Wellness coaching starts with a phone call to Everence, which matches interested participants with wellness coaches. The initial conversation focuses on what the participant hopes to gain from coaching—What’s most important to you? Where do you want to go?—then from there, it’s about establishing small goals and setting up first steps to success. Some people want to check in every week, others every month, but no matter how often, it’s always about working towards the participants’ goals. All coaching is done over the phone, and wellness coaches offer safe, supportive, nonjudgmental, and confidential space for conversation.

Wayne Nitzsche, pastor of Perkasie congregation, decided to take advantage of wellness coaching about two years ago, and stayed with it for a full year. When he first saw it was being offered, Nitzsche didn’t really think it was something he needed, but decided to try it anyway. What he found was a holistic approach to his wellbeing: concern for body and soul, mind and emotions.

For Nitzsche, the process ultimately led to him establishing habits for more balance, practices he still sticks to.

“I’ve come to believe pretty strongly that as we pay attention to our own functioning—be that spiritual or physical or emotional—that we find a deeper, richer life… but the temptation is to always look outside, look to someone else, to make our lives better, instead of looking within,” says Nitzsche.

Nitzsche says the hardest part was setting realistic goals, ones that were both stretching and yet attainable. His coach was good at reminding Nitzsche of his goals and being gracious when he didn’t meet them, celebrating when they were met, and looking deeper when they weren’t.

“To have that encouragement and accountability,” says Nitzsche, “Knowing that you’re going to talk to someone about what you’re doing or not doing—can be pretty helpful.”

Rollin Handrich, who works with Everence in their Goshen, Ind. office, says that sometimes the changes they’ve heard about have been dramatic, other times, incremental. But as he points out, people have often spent a lifetime developing habits that lead to their healthcare problems. The goal of the program, Handrich says, is to get people to rethink some of those habits and set comfortable goals, all the while considering the full picture of their lives: What are your stresses? What is your home life like? “It’s not just eat better, and exercise.”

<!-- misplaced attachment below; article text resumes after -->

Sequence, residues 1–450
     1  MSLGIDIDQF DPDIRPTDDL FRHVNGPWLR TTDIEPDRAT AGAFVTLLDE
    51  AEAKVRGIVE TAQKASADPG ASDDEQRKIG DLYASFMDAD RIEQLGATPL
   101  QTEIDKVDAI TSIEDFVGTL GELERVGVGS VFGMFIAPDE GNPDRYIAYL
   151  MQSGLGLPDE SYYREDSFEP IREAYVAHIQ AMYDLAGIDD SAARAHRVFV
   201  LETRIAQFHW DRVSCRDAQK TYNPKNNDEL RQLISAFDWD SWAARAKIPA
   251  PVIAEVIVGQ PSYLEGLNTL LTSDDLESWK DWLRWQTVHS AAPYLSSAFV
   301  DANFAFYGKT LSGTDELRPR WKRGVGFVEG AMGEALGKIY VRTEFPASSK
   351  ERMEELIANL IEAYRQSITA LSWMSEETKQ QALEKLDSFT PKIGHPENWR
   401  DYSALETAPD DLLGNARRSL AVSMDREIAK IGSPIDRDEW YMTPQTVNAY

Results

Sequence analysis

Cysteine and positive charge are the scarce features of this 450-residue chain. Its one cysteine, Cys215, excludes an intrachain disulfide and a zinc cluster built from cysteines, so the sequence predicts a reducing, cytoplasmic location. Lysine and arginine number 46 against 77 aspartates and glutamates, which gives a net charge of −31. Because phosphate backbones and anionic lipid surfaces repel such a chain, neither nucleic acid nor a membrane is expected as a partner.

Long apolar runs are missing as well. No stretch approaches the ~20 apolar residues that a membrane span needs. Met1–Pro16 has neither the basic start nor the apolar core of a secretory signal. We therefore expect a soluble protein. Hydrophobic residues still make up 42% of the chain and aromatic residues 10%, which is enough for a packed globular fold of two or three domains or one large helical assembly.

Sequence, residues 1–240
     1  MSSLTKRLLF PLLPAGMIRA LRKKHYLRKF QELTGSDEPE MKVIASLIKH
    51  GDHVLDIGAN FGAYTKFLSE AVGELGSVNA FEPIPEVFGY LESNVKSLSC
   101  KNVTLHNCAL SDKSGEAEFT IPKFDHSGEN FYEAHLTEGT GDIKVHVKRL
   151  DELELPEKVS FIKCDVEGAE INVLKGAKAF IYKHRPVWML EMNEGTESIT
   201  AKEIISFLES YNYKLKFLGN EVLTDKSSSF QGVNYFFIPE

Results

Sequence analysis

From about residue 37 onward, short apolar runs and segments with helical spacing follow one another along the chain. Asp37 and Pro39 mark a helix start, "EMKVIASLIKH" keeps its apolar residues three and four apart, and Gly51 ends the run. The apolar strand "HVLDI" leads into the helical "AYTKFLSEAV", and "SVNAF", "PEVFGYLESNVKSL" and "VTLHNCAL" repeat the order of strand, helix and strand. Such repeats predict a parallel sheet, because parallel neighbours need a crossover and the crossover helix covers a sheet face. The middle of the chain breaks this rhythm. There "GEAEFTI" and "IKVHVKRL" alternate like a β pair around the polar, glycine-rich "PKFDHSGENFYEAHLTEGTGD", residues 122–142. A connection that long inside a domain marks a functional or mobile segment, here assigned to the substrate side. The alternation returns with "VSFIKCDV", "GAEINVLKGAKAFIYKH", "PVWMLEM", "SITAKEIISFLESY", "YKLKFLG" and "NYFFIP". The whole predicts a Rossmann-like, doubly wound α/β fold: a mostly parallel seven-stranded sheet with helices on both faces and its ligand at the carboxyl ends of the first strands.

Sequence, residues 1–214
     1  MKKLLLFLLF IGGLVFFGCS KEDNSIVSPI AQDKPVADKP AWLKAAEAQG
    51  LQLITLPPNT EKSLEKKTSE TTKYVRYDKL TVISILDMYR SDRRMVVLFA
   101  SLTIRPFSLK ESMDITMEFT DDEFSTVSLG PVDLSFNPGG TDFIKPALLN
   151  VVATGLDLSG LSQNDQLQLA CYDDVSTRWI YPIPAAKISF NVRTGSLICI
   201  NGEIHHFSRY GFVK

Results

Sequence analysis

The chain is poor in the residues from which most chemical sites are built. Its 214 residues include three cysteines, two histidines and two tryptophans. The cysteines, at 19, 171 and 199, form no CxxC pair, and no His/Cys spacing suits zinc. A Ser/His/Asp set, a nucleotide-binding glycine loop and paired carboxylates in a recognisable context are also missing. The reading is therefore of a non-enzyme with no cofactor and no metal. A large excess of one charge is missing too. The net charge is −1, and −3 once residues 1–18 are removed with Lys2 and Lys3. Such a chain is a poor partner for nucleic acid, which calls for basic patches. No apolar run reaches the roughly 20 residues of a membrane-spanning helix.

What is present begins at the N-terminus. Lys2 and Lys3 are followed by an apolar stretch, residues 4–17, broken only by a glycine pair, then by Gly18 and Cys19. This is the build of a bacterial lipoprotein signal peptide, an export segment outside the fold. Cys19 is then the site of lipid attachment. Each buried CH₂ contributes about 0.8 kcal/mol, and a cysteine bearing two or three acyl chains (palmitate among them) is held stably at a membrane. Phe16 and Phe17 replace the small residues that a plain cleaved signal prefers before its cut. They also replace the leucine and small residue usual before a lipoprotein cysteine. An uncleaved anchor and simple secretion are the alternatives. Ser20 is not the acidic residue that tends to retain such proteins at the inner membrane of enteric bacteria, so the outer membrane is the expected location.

Stutzman agrees.  “[Wellness coaching] is more than just physical health, but really looking at, ‘Do you want to be well?’ And that looks different for every person.”

She says some people set goals like losing weight, but for others, it’s setting healthy boundaries or stress relief. In a way, Stutzman sees her work as helping people bring into balance the commandment to love your neighbor as yourself.  “What does that look like to love yourself as you love other people?”

So far nearly 400 people—about 10 percent of eligible pastors and employees of Mennonite organizations—have participated in at least an initial phone call. It’s a part of the insurance plan offered to pastors and employees of Mennonite organizations whose plans are managed by Everence. Costs are covered by employers, and there is no charge to those who opt in to the program. Pastors and spouses covered by the Corinthian Plan can receive up to $600 for each filling out the online assessment and a follow-up coaching call to discuss their results. More information on wellness coaching is available at www.everence.com/wellness-coaching or by calling 800-348-7468, ext. 2462.

Conference students receive Everence scholarships

Jacob Ford
Jacob Ford, Franconia congregation

SOUDERTON, PA – Everence has announced that three Franconia Conference students are among 42 recipients of this year’s Everence college scholarships. The scholarship program encourages young people to explore the integration of faith and finances while helping them on their educational journeys.

The scholarship awardees are:

  • Jacob Ford, Souderton, PA; Jacob attends Franconia Mennonite Church and is a student at New York University.
  • Sarah Nafziger, Mohnton, PA; Sarah attends Vincent Mennonite Church and is a student at Penn State University.
  • Rachel Speigle, Telford, PA; Rachel attends Blooming Glen Mennonite Church and is a student at Northeastern University.
Sarah Nafziger
Sarah Nafziger, Vincent congregation

Nearly 200 students from across the country applied for scholarships for the 2012-2013 academic year. Recipients were chosen based on academics, extracurricular activities, leadership, community involvement and responses to an essay question.